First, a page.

Fiona knew within minutes that this man did not want to harm her. He was fighting her defensively and she was certain that was not his way. Even as she wondered how she could now extract herself from this confrontation, it was ended. He blocked the swing of her sword and somehow ended up within inches of her. The next thing Fiona knew, her sword was gone from her hand, her feet were pulled out from beneath her, and she landed flat on her back, hard enough to knock the breath out of her. As she struggled to catch her breath, she braced for the blow of his body landing on top of her. It not only surprised her, but impressed her, when he somehow managed to completely pin her to the ground with his body yet rested very little of his weight upon her.

“Now, are we all done with this troublesome nonsense?” Ewan demanded, fighting to ignore the feel of her beneath him and pushing away the tempting images it tried to set in his mind.

“Aye,” Fiona replied, panting a little as she regained her ability to breathe. “I will accept your surrender now.” The man truly could growl impressively, she mused, and wondered why that rough noise should send small, pleasurable shivers down her back.

“Enough,” he snapped. “Ye are now my prisoner. Do ye have any other weapons?” he asked as he took the knife sheathed at her waist and tossed it aside, his brother Gregor quickly appearing to collect it along with her sword.

“Nay,” she answered and could tell by the way his eyes narrowed that he knew she lied.

“Surrender your weapons, woman.”

“I told ye, I dinnae have any more.” Fiona wondered if the fact that the knife sheathed at the back of her waist was digging painfully into her back was the reason her ability to lie was so hampered.

That thought had barely finished forming when she found herself caught up in a fierce wrestling match with the man as he tried to search her for weapons. She got some pleasure out of his curses and grunts, which revealed she was at least discomforting him. Unfortunately, it did not deter him. He quickly began to find all of her knives. His curses increased as he took the two strapped to her wrists just inside the sleeves of her jerkin, the two tucked inside her boots, and the one sheathed at her back. He even found the subtle slits in her breeches that allowed her to reach the knife strapped to each of her thighs and took those. All her struggling halted abruptly when he ran his big, long-fingered hands over her breasts and found the knife sheathed between them. As he tossed that to the man collecting her weapons, he yanked her to her feet, and she wondered why she could still feel the warmth of his touch.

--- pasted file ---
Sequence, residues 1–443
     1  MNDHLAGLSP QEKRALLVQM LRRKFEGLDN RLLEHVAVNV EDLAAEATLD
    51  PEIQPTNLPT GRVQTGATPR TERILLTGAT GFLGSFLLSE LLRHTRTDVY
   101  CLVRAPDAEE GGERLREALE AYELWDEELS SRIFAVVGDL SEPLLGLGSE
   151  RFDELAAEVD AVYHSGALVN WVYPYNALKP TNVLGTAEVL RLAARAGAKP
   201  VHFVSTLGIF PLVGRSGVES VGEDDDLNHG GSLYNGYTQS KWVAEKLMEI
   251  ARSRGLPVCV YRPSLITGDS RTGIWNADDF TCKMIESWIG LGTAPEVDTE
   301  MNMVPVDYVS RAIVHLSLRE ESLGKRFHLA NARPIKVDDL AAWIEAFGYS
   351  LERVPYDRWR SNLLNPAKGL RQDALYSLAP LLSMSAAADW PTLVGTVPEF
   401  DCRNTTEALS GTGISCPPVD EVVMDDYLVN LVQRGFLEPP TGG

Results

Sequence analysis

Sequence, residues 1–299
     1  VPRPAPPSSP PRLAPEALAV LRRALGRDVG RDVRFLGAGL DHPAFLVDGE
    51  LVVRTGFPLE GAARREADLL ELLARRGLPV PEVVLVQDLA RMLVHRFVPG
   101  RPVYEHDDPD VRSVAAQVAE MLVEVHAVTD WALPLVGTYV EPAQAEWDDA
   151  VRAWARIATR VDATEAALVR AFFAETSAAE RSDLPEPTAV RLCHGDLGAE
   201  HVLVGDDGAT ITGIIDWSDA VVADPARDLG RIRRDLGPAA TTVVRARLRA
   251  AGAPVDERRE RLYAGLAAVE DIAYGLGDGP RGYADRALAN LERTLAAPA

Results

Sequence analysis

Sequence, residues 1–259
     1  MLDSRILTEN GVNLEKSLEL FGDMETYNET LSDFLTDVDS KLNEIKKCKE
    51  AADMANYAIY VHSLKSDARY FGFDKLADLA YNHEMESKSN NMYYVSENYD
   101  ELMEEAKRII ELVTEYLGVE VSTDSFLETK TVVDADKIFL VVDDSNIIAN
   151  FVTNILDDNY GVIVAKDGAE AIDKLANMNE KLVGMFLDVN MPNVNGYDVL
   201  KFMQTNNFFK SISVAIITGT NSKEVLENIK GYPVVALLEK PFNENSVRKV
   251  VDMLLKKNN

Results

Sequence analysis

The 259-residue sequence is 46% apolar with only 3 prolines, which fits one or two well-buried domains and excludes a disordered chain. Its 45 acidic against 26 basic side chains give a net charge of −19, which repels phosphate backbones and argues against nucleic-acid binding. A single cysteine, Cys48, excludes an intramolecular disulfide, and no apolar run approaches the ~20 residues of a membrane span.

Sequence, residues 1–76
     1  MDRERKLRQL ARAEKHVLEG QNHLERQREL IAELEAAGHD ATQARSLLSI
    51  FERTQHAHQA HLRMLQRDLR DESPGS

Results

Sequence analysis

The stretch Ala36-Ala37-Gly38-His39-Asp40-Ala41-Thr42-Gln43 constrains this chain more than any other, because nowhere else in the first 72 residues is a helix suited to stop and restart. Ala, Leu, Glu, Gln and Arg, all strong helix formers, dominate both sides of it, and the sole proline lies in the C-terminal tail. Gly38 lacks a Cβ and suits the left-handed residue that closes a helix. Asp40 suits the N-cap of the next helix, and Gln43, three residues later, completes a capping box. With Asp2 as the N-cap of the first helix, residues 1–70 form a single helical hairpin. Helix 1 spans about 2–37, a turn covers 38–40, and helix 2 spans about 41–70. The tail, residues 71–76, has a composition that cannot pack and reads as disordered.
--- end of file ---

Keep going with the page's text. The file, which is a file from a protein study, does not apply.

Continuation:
Ewan stared at the collection of weapons a widely grinning Gregor had piled up. He suddenly realized that, at any point during their confrontation, she could have pulled
out one of those well-hidden knives and thrown it at him, or slipped it between his ribs. There was no doubt in his mind that she could have done so with speed, stealth, and deadly accuracy. He had obviously not failed any of those tests she had been putting him through. When he looked at her and she smiled sweetly, he immediately grew suspicious.

“Any more?” he asked.

“Of course not.” She met his narrow-eyed stare for a full minute before she sighed. “Just one.”

“Hand it to me.”

His eyes widened as she reached behind her head and pulled a knife from out of the thick coils of her braid. When she slapped it into his out-stretched hand, he ignored the hilarity of his men and studied the weapon. It was long with a narrow blade, sheathed in thick, soft leather, and the hilt had been made in such a way it looked like no more than an ornate hair ornament, yet was still perfectly usable.

“Why are ye so heavily armed?”

“Weel, it wouldnae be wise to ride about alone without a few weapons,” Fiona replied as she undid her sword belt and tossed it down with the other weapons, then began to remove the sheaths for her knives that she could reach discreetly.

“Tis nay wise to ride about alone nay matter how weel armed ye are.”